Suicide On the Rise; How to Respond to the New “Big C”

Compassionate Love Blog: Displaying compassion for those who struggle with mental illness   (c)2016  Nancy Virden, Always the Fight Ministry

Lonely sad girl on the dark beach

Three young people attempted suicide in the last seven days. One died.

These are not numbers on a page, percentages, or anomalies; each is close to people I know. Three in one week, in my small corner of the world.

Suicide is the second cause of death for ages 10-24 in the U.S.A.  Two years ago, it was the third.  In Ohio, suicide is the first cause of death for children from 10 to 14 years old. In America, suicide statistically takes a life every 13 minutes.

Are you shaking your head wondering if you read that right? You did. Suicide rates are climbing, and education is foundational to prevention.

In the 1970s, people said “The Big C” in reference to cancer. No one wanted to talk about it. It was a dreary topic, spoken of in hushed tones.  Cancer was fodder for accusations of too little faith or too much misbehavior. There was gossip with little understanding. People who suffered from cancer did not venture into public often.

Education has changed all that. We all go for exams, and research dollars have produced better treatments and earlier diagnosis. The public conversation about cancer continues to save lives.

Ah, if only suicide and mental illness had the same kind of back story. Imagine if we would talk about mental disorders with as much realism, non-judgmental acceptance, and compassion as we do cancer.

What if? People of all ages would not be ashamed to have regular mental health check-ups. We would know and talk about common symptoms. When we recognized an oncoming episode of depression for instance, instead of saying, “snap out of it,” we would support each other in helpful ways.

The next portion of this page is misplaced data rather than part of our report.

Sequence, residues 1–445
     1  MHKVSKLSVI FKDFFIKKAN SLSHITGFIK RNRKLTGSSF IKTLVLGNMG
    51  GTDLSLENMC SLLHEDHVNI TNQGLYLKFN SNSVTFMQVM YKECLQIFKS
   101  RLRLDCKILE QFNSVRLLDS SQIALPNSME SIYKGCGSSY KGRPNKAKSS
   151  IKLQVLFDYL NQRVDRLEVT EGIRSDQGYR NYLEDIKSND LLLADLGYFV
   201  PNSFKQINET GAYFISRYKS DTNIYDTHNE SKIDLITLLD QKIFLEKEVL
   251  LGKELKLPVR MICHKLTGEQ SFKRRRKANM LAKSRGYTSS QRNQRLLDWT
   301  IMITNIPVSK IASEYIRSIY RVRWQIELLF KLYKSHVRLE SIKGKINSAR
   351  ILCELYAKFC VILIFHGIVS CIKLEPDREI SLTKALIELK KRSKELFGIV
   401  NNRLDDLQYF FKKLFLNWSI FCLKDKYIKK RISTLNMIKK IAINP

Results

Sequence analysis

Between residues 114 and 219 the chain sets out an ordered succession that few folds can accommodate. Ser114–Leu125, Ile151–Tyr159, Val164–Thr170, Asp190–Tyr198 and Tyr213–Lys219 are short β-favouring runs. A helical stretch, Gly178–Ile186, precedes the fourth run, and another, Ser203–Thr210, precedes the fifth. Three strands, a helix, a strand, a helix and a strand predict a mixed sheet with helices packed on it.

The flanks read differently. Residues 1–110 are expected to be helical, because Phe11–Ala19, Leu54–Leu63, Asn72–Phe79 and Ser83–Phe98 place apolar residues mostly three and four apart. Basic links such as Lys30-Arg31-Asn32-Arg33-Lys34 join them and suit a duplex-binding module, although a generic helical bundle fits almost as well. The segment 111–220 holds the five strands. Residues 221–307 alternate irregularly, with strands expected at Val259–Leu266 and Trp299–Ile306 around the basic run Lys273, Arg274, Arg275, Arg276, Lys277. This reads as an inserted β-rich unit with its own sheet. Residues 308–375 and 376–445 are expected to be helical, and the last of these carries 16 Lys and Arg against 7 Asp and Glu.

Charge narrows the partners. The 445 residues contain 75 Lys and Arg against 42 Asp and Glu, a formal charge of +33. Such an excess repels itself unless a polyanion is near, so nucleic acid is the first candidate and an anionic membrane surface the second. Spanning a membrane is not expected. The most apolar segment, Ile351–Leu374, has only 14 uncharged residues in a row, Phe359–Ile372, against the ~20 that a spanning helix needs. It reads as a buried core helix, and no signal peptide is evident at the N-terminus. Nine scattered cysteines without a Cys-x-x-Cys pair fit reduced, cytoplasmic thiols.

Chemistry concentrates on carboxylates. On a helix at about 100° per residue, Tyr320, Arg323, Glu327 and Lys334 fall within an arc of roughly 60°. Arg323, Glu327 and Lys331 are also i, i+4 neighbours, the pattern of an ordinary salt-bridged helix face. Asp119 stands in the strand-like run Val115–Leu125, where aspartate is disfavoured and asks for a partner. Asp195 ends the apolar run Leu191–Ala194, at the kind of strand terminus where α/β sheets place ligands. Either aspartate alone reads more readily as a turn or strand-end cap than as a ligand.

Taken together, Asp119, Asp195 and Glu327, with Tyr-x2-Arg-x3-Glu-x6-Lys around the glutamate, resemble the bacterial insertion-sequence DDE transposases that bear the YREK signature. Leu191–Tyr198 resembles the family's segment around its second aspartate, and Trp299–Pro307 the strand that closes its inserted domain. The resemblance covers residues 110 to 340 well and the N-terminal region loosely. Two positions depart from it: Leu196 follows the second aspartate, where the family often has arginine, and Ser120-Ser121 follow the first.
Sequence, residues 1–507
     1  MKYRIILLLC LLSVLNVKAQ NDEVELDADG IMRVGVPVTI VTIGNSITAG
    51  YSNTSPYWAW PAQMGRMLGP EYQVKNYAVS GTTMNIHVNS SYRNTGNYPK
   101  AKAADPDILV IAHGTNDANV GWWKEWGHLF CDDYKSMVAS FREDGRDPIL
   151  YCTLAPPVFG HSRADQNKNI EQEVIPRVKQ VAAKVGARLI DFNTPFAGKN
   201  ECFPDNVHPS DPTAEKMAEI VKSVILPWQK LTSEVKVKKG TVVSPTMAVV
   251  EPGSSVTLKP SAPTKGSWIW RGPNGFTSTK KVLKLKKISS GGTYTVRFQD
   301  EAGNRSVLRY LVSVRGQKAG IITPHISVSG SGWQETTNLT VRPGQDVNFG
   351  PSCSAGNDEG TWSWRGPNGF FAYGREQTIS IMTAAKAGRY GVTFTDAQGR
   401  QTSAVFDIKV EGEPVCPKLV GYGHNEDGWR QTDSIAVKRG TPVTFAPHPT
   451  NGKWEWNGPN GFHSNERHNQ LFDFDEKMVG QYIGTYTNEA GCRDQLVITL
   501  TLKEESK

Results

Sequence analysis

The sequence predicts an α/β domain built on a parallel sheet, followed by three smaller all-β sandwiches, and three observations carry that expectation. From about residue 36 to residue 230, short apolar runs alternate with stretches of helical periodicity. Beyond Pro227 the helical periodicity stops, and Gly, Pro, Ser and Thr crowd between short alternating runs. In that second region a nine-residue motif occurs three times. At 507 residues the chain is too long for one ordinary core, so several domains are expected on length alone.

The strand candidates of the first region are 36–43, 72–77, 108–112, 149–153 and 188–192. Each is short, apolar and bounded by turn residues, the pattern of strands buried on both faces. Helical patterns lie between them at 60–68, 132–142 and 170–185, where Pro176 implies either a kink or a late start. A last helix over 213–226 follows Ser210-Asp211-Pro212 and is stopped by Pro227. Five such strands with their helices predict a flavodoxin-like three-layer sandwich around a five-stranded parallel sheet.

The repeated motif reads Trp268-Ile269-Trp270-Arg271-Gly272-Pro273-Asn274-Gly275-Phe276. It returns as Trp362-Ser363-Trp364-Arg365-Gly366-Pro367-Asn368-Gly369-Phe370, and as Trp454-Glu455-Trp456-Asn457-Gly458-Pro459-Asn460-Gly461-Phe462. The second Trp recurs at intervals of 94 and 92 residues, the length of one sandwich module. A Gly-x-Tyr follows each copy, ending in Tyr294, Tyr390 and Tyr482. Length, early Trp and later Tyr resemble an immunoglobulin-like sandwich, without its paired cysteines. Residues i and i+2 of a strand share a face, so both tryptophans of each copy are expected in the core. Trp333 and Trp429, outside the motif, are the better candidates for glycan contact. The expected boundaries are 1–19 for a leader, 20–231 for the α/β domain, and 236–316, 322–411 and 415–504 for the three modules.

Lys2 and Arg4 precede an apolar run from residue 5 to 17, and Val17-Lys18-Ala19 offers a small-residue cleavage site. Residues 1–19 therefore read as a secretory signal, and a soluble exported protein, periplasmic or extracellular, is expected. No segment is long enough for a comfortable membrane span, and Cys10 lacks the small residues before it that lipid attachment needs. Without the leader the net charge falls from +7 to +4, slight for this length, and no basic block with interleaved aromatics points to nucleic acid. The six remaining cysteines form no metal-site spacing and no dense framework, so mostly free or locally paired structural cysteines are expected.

What if? Our socially accepted practice would be to take mental health seriously. Insurance companies would fully cover psychological needs instead of limiting treatment to a dismally low number of office visits or days spent in the hospital.

What if? Treatment and housing would be available for homeless people with mental illness. This is not because of charity, but because we would finally connect the relationship between cognitive and physical challenges that mental illnesses cause, and one’s functionality.  We would stop blaming “choice” and start giving helpless people real options.

Use your imagination. Ah, what if?



NOTE: I am not a doctor or a mental health professional. I speak only from personal experiences with and observations of mental illness. In no way is this website intended to substitute for professional mental health care.

If you are struggling emotionally today or feeling suicidal, or concerned about someone who is, please call the National Suicide Prevention Lifeline 1-800-273-TALK (8255). Hope and help are yours.

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